Horsham-based Toll Bros. development application denied

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Martin Connor, Chief Financial Officer at Horsham-based Toll Brothers, is worried about salary and benefit costs as demand for new homes continues to grow.

After more than a year of debate, Westtown Township supervisors voted Thursday night to deny Toll Bros. its application to build a 317-unit housing development on Crebilly Farm, a 322-acre Chester County parcel that many have argued has ties to the Revolutionary War.

The decision, which the township’s three supervisors unanimously supported, was made in front of a standing-room-only crowd, which clapped, jumped, and cheered when the ruling was announced. The supervisors — two registered Republicans and one registered Democrat, according to voter registration records — offered no explanation of their vote, saying only that a written decision would be issued in coming weeks, writes Caitlin McCabe on philly.com.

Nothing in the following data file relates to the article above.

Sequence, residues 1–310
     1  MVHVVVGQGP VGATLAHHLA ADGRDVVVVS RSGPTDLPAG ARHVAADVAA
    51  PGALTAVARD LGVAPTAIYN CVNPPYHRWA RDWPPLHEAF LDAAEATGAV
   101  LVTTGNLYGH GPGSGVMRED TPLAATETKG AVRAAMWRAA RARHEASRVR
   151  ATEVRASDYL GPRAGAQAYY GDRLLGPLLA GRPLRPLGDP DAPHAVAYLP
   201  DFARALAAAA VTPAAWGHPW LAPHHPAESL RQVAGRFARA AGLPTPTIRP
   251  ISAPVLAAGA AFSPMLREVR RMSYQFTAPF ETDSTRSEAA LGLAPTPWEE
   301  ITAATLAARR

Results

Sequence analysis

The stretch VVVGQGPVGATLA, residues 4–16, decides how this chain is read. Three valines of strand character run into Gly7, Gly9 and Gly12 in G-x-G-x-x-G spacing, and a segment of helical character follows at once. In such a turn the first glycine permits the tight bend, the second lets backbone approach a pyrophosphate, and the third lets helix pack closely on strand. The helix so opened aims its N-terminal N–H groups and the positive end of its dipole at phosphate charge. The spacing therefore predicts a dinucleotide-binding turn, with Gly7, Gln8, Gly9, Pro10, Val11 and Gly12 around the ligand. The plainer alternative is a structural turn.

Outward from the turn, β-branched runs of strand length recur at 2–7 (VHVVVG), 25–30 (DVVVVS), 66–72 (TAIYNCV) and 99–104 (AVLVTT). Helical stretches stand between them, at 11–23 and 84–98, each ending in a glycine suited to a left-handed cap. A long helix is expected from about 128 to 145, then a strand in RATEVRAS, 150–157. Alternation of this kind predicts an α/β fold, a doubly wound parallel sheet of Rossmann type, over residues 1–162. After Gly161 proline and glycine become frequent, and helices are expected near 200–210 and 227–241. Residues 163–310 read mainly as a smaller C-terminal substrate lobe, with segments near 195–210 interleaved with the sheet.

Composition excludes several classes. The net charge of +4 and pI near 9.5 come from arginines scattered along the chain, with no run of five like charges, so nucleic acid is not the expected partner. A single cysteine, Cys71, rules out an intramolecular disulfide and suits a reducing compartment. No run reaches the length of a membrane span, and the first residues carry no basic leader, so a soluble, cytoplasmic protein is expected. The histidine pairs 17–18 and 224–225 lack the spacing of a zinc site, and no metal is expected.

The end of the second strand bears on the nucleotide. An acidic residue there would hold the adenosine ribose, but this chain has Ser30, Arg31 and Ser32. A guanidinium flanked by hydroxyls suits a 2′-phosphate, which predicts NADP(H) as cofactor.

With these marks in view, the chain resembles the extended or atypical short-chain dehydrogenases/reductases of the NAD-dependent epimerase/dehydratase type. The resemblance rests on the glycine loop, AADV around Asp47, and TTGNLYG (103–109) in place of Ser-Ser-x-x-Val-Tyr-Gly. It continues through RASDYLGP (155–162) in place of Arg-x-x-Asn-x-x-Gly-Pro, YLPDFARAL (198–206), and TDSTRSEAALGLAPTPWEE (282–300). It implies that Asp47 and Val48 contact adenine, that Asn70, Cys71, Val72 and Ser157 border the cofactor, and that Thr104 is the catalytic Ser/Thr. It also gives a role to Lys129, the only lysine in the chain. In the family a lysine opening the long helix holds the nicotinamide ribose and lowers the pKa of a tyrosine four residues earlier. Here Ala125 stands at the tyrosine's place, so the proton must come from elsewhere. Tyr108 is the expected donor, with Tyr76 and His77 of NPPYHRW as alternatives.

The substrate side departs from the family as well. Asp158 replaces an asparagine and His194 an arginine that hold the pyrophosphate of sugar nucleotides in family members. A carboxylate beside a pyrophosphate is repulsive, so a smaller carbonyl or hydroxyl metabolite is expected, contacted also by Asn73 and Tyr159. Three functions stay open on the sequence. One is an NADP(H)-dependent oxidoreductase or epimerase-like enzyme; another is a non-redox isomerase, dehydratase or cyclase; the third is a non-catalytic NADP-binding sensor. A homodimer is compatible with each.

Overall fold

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On Friday morning, a spokeswoman for Toll declined to comment. She did not indicate how the Horsham-based builder would proceed or whether an appeal was possible.

The Westtown decision caps a contentious year — at least publicly — for Toll, one of the nation’s largest builders. Just 35 miles away in Center City Philadelphia, Toll for more than a year has pursued plans to build a high-rise  along Jewelers’ Row, a proposal that has received sizable criticism. At the same time, the publicly traded builder has had a strong year in the stock market, where its price is up more than 54 percent compared with a year ago, as homebuilder confidence has risen to its highest level in almost two decades.

Toll also has continued to build across the region and the nation. Toll’s average home price in the fourth quarter of 2017 was $836,600, according to its corporate profile.

In the company’s initial plans for Crebilly Farm, Toll sought to build a combination of single-family homes and townhouses on the parcel, which is zoned for residential development. Toll had entered into an agreement of sale for the land with the Robinson family, which has owned the tract for decades. In different variations of its plans, Toll planned to preserve more than half of the land as open space.

To read the complete story click here.

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